Portuguese law - the 'arguido' status

Mediabeak would like to thank an anonymous comment contributor on our previous post about the McCanns.

Given the frustration at the lack of new news coming out of the Madeleine McCann investigation it was easy to point the finger at the much maligned investigation and secrecy laws which bind it. While it would not be unfair to say that there were certain shortcomings in the early stages of the investigation, these were perhaps added to and distorted by mistaken understanding of the Portuguese 'arguido' suspect status and secrecy surrounding investigations. We are used to the way contempt laws work in the UK or the way they have minimal meaning in other jurisdictions. While the UK contempt laws seek to secure the administration of justice and its - and those concerned (jury, witnesses, public) with it who may be influenced or prejudiced, the Portuguese system focuses heavily on the preceding investigation. In the UK strict liability contempt is engaged when someone is arrested, whereas in Portugal, the 'arguido' status applies to anyone who is made a suspect (arrest not being necessary)or wants to be protected by the system.

Mediabeak thinks its time to contribute some more information about the system we have been quick to criticise. We haven't edited our anonymous friend's submission and are posting their contribution below:

The arguido status

In Portuguese law a person is constitued as an arguido when she or he is suspected of having committed a crime.

A person can request to be made "arguida" because he or she will benefit from rights that he/she does not have as a witness. Apart of the obligation of being accompanied by a lawyer when giving depositions in front of police authorities, the arguido has the right to remain silent and not reply to any questions. This means that as a potential suspect he or she is acting in their own defence. A witness by law is obliged to reply to all questions.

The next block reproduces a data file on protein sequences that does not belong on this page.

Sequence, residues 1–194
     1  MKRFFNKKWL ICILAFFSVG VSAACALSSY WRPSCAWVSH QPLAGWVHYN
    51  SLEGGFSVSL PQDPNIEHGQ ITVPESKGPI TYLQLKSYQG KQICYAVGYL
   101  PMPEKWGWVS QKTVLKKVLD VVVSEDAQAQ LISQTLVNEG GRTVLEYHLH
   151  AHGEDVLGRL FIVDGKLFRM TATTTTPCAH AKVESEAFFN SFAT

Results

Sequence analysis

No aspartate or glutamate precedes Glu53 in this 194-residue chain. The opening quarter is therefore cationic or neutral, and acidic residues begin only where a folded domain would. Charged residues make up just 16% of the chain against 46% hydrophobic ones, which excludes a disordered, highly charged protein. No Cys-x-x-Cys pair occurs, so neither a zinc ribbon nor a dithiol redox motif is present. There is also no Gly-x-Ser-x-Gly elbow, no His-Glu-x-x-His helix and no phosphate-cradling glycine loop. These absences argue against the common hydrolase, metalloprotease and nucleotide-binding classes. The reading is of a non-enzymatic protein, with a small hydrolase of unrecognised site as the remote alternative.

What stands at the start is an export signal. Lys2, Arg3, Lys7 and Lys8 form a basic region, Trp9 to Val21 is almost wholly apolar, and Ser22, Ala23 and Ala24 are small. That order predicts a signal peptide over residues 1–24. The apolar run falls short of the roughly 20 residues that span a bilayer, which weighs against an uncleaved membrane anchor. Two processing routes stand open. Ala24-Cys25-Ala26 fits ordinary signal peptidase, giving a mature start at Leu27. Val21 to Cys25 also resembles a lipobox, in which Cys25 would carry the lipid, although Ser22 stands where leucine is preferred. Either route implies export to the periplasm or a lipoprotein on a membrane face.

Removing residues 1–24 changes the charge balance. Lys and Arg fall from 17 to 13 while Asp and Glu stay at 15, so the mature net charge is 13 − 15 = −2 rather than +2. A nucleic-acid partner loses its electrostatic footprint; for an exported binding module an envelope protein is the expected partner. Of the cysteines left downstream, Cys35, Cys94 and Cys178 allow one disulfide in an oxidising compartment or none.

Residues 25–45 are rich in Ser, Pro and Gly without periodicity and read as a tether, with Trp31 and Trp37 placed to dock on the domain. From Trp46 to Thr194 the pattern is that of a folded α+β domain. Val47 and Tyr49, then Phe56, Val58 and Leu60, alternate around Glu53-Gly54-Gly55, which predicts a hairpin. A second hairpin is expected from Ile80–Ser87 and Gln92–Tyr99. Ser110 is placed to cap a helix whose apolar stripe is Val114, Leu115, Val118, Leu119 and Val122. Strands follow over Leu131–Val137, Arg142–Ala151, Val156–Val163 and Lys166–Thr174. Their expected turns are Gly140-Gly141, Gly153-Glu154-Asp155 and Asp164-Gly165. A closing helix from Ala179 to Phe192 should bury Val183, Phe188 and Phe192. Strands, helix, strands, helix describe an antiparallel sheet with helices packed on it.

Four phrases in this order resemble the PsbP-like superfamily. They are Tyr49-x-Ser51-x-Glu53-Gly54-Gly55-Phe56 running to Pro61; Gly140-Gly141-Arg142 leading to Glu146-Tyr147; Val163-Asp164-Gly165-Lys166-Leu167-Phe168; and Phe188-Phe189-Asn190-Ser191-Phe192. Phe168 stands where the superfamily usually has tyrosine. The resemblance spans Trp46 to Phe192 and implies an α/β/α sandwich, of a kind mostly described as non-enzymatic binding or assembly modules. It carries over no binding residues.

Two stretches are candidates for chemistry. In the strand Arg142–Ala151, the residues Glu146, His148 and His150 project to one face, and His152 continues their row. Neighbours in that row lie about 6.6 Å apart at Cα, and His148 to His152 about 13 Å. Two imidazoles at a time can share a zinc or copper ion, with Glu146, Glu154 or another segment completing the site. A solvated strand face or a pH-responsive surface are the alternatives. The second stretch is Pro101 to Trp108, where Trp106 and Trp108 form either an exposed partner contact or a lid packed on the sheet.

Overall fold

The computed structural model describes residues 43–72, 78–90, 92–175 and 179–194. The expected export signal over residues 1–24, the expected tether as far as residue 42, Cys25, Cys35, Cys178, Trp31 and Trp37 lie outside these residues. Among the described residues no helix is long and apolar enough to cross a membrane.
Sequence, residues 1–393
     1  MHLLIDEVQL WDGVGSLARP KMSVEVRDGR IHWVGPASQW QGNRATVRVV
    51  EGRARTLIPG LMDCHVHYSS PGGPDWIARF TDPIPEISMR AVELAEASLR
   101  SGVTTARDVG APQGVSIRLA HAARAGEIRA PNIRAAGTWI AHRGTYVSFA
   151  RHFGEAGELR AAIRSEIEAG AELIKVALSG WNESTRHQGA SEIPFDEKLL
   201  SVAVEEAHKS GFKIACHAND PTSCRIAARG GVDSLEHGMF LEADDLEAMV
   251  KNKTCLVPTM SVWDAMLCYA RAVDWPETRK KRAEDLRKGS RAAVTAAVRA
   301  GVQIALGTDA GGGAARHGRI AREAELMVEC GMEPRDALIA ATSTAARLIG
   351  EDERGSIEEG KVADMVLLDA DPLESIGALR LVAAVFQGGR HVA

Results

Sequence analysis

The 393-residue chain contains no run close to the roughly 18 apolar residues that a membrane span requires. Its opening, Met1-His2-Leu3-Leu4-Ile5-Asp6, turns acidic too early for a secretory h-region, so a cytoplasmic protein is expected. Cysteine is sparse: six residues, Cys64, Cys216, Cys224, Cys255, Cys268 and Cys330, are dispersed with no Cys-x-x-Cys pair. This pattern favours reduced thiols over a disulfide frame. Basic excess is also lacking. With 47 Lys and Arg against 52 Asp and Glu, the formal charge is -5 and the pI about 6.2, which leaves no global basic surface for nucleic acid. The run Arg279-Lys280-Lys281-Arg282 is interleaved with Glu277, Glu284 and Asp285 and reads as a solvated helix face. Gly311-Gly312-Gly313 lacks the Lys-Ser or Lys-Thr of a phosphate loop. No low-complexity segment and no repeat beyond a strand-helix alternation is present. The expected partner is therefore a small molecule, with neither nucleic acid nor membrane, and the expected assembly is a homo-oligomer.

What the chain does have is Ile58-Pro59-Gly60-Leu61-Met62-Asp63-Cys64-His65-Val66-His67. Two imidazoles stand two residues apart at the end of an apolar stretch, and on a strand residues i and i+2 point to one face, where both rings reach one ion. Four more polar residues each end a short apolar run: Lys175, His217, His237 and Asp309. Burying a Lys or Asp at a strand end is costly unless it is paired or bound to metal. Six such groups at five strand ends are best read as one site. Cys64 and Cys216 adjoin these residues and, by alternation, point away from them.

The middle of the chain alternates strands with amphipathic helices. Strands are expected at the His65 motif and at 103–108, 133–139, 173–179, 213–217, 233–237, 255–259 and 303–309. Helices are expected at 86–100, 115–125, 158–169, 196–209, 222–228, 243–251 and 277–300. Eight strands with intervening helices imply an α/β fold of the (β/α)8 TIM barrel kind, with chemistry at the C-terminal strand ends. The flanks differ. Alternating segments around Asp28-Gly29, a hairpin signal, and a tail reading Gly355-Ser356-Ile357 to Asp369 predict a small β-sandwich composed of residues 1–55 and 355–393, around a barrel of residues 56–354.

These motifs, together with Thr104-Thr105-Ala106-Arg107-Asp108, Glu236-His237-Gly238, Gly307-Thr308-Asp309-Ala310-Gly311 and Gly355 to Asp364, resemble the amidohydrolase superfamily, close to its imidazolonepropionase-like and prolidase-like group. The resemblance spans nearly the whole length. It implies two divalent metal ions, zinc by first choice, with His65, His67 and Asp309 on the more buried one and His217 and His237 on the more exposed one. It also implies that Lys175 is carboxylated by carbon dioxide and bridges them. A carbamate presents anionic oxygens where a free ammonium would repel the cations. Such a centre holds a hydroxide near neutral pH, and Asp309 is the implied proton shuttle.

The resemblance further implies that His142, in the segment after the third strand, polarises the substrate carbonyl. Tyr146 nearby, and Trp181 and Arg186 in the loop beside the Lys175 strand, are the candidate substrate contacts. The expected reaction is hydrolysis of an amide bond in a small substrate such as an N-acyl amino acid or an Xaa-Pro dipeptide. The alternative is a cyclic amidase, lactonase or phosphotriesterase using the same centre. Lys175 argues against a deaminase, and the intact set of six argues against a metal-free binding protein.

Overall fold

A person is constituted arguido during the investigation phase when sufficient evidence is collected to formulate an accusation. At that time, the less serious of the coercive sanctions which is the "term of identity and residence" is applied to the arguido. This term can be translated as a kind of conditional liberty where the arguido is obliged to inform the police authorities whenever he/she is absent for more than 5 days. An arguido can also be submitted to other coercion measures, the most severe being the "preventive arrest", which is usually applied when there is the danger of escape, disturbance of the investigation, possibility of destroying evidence, etc.

Secrecy of justice

The notion of secrecy of justice means a special jurisdiction obligation that applies to any person with direct knowledge of an act or document of the penal procedure. That person must comply to that secrecy, meaning he/she is forbidden to talk or reveal the content of that act or document.

The secrecy of the inquiry or investigation aims to satisfy the functionality of the juridical machine in the preliminary phases of the process. The arguido cannot be granted access to clues and evidence collected during the investigation since there might be over-riding interests such as: national security, witnesses protection, efficacy of the investigation and the obtaining of evidence.

The aim of the secrecy of justice is to ensure the secrecy of the criminal procedure, and allows also the guarantee that justice is made in an independent and unbiased way without the interference of other sovereign organs. Interference is also prevented from pressure groups or persons with personal (or institutional) power able to spread erroneous information campaigns through the media, harming the discovery and preservation of evidence and thus hindering the conclusions of the penal procedure.

Mediabeak thanks 'anonymous' for this submission.

1 comment:

Anonymous said...

Thank you Mediabeak.